Sri Lanka

Sri Lanka: OCHA post-tsunami update May 2005

Originally published


United Nations Activities in Support of the Relief and Recovery Efforts of the Sri Lankan Government and Its People

A note from the editors

"Post-Tsunami Update" has been created with the objective of providing Sri Lankans and a wider audience a sense of the activities of UN agencies in support of the government and its people in their relief and recovery efforts. Within the few pages of this periodical, it is impossible to record the full dimensions of such support, or to mention the activities of each and every agency. Over the coming months, we hope to report on the activities of most actors in this landmark emergency relief and reconstruction effort. In the interim, we draw your attention to the UN agency contact list and the information on the Humanitarian Information Centre, both located on the back page of "Post-Tsunami Update." They can provide you valuable insight into the work of all the UN agencies involved in Sri Lankan relief and recovery efforts.

Achievements amongst the challenges

The December 2004 tsunami provided unique challenges to the Sri Lankan Government and its people and the international community that has been assisting the country in its relief and recovery efforts. The relief phase, while not flawless, particulary given the extraordinary numbers of actors who responded to the Sri Lankan disaster, achieved most of its humanitarian objectives. Virtually all tsunami sur- vivors have received food, shelter and medical assistance. Schools are back in session and recently the pace in con- struction of transitional shelters has picked up appreciably. Some of the bot- tlenecks regarding land allocation are now being resolved and soon the gov- ernment will table its national recon- struction plan and the recovery phase will begin full force.

Even given these achievements press- ing relief needs still exist. Some tsunami-survivors remain in tents and are challenged by the monsoon flood- ing. Many remain unemployed and without immediate income-generating prospects. It is during this transitional period -- as the emergency relief phase winds down and before the reconstruc- tion phase is in full gear - that all of us involved in responding must redouble our efforts to meet both the immediate needs and longer-term concerns of tsunami-affected communities. "Post- tsunami Update," the first issue of which you hold in your hands, has been creat- ed to share some of the achievements and challenges of UN agencies as they support the Sri Lankan Government and its people in their tsunami relief and recovery efforts.

Miguel Bermeo
UN Humanitarian and Resident Coordinator in Sri Lanka

Confronting the problems of monsoon flooding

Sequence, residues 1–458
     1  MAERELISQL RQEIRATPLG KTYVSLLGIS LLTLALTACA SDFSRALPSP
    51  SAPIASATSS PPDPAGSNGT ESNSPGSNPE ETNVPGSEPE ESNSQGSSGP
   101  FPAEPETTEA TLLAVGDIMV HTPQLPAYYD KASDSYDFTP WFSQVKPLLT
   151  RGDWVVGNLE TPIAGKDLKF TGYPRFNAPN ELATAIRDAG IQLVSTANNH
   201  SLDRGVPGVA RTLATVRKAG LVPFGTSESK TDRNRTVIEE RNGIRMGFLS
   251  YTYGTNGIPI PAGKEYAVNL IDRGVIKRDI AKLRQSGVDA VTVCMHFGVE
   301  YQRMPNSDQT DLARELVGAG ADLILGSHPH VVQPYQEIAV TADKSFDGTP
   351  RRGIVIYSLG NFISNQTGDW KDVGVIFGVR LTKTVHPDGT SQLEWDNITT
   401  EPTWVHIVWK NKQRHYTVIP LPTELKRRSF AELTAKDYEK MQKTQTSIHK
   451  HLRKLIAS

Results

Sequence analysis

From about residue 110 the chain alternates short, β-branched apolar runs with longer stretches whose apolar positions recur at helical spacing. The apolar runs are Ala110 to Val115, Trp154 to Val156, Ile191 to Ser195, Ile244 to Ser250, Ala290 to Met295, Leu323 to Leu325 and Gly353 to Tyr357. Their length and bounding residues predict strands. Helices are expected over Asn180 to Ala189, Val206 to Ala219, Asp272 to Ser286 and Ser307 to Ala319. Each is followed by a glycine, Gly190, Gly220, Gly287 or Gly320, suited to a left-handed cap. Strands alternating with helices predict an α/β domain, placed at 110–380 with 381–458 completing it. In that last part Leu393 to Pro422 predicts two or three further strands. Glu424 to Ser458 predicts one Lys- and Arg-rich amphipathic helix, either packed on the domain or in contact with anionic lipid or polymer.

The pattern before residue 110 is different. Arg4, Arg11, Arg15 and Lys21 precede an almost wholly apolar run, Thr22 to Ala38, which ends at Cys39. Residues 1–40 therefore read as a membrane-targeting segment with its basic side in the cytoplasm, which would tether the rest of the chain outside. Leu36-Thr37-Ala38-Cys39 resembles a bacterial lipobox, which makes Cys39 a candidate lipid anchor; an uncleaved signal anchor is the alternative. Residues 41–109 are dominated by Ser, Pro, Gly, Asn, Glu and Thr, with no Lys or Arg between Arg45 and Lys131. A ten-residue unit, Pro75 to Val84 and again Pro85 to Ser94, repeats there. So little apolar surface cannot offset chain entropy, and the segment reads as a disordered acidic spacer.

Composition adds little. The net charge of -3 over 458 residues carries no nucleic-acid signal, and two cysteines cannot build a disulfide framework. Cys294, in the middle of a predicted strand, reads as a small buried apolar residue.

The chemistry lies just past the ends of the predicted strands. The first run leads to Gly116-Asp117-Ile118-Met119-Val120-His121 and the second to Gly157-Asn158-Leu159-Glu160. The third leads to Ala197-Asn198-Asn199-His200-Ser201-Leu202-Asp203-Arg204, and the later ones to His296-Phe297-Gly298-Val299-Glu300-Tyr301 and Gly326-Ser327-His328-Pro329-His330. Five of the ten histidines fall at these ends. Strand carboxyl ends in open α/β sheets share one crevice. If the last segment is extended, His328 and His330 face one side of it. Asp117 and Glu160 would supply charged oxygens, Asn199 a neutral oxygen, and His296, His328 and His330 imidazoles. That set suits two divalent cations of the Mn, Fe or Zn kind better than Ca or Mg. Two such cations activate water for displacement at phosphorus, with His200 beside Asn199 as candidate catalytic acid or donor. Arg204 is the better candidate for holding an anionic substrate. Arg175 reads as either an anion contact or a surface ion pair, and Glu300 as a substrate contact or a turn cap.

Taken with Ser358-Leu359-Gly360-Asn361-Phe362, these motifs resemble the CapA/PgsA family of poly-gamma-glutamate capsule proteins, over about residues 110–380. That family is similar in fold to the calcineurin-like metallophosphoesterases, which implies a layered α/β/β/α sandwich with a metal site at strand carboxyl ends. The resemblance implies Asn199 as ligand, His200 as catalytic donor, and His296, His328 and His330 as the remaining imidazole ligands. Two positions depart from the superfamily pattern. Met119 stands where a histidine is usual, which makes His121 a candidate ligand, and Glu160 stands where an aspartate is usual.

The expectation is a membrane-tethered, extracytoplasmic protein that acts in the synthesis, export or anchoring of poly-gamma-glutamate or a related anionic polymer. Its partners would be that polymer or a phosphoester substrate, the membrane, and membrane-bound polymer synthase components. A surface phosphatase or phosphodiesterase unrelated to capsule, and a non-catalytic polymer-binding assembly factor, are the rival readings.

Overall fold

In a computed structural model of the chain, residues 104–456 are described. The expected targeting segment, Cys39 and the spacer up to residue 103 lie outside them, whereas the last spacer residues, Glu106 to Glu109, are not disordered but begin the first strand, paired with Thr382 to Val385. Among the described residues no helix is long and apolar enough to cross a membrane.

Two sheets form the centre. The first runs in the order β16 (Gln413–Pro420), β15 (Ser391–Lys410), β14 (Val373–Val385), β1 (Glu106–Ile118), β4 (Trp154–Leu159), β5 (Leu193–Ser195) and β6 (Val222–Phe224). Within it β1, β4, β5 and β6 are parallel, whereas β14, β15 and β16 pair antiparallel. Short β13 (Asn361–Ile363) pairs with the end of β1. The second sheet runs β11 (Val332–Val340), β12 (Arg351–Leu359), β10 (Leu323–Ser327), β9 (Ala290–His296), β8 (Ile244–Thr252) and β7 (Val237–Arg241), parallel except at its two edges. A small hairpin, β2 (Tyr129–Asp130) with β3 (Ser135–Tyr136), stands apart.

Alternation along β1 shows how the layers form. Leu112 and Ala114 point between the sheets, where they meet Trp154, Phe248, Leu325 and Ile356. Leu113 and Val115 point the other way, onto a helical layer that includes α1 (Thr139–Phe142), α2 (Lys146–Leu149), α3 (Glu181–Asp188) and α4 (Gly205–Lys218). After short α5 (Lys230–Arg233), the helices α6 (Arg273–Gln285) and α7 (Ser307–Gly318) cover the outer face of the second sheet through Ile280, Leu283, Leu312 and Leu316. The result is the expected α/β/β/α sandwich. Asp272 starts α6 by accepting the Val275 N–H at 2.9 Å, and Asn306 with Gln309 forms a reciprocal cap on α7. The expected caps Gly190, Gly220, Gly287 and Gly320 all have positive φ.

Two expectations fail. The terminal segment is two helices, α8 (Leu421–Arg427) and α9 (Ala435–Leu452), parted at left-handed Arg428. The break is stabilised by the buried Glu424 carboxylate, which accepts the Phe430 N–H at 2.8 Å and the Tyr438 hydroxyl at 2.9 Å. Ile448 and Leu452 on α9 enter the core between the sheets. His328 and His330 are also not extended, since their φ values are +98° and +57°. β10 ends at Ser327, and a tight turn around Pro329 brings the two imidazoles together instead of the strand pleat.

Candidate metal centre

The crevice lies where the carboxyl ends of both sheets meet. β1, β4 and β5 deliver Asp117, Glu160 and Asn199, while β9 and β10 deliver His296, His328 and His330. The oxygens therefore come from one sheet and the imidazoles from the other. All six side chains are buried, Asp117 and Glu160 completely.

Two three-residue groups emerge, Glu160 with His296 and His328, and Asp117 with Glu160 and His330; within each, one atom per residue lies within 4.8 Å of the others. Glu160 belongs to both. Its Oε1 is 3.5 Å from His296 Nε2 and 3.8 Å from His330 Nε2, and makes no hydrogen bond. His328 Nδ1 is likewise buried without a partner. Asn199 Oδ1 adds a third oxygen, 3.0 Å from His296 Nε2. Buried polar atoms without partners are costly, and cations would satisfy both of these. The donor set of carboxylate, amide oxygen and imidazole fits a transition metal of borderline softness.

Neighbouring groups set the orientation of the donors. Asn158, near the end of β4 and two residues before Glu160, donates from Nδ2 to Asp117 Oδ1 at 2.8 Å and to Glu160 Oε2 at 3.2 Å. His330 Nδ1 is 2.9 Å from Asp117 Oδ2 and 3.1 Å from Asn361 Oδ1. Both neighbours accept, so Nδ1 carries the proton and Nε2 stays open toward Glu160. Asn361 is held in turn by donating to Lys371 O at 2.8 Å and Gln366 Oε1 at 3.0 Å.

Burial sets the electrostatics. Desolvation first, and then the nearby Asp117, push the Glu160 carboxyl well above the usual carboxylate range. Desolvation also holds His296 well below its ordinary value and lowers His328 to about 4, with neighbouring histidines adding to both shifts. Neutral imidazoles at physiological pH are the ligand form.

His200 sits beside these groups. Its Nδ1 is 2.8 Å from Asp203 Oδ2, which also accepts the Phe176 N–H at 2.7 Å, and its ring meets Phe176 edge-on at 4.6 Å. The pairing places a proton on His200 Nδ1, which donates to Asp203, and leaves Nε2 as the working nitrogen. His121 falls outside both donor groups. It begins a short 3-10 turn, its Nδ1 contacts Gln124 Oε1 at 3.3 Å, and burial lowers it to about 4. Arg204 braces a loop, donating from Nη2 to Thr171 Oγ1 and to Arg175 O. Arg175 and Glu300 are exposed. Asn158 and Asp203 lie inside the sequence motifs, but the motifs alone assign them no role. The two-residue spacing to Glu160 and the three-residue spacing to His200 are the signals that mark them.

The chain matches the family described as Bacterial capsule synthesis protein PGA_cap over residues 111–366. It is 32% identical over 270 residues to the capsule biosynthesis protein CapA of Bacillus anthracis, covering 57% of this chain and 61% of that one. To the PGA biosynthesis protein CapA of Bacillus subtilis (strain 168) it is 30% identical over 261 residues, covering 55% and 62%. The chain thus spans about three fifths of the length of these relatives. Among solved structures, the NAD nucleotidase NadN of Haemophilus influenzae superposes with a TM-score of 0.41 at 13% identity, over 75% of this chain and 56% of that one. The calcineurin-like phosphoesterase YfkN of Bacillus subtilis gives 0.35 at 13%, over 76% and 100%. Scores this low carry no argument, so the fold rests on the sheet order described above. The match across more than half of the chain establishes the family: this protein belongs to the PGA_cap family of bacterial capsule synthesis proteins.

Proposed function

While the pace is picking up in the construction of transitional shelters, it has not progressed as quickly as hoped for in Galle district because of assorted challenges including difficulties in land allocation. According to the Transitional Accommodation Project (TAP), 5,403 transitional shelters are needed in the district of which 2,739 have been completed by the end of April and 1,818 more are currently under construction. That leaves 846 shelters still to be built.

In the absence of such transitional accommodations, many IDPs are still living in tents with poor drainage and marginal water supply and sanitation facilities. According to a camp database compiled by Project Galle 2005, some 66 IDP camps are in Galle district with 29 camps in the stretch from Galle Town towards Welligama and 37 between Galle Town and Peraliya. Flooding routinely occurs in the coastal areas, particularly in Hikkaduwa and Seenigama. The flooding is aggravated by the annual high tides (warakan) that come around this time.

In anticipation of the monsoon, and given the slow pace of moving IDPs from emergency camps and shelters, Community Habitat Finance (CHF) and Project Galle 2005 conducted an assessment to identify camps at high risk of floods, and/or camps least likely to be resettled. The objective then was to provide these locations priority assistance - particularly in upgrading tents, replacing tents and improving drainage. Project Galle is proactive in dealing with the plight of those living in tents and other shelters prone to flooding.

They informed the District Secretary of each division where the camps were located, and approached the district Transitional Accommodation Project (TAP) office for approval, in full consultation with UNHCR. Project Galle then conducted meetings with camp leaders and land owners to discuss their desperate shelter situations and their suggestions for improvements. Better drainage was an oft-mentioned priority.

This meant that work had to be done which included such initiatives as raising the ground level on which tents lie, providing shading from the mid-day heat, channeling drainage, and improving sanitary facilities. This consultative process led to a CHF-financed project which is being implemented by Project Galle 2005 to upgrade tents, improve drainage, and replace inadequate tents with appropriate ones where necessary.

Labor for improving drainage is done by the beneficiaries themselves thanks to a CHF Quick Impact Cash-for-Work programme.

Monitoring and evaluation of developments was done to ensure the delivery of approximately 150 camps before the monsoon season.

To date, Project Galle has replaced 60 tents in Galle district. They are using new tents provided by UNHCR and the Italian Civil Protection Unit. Project Galle has begun its drainage and tent upgrades in Seenigama, Hikkaduwa, but has experienced some delays given that the whole water site planning must be vetted by the district Water Board and other government agencies. Upgrading of tents is proceeding well in the Seenigama area with tents provided by the Italian Civil Protection Unit.

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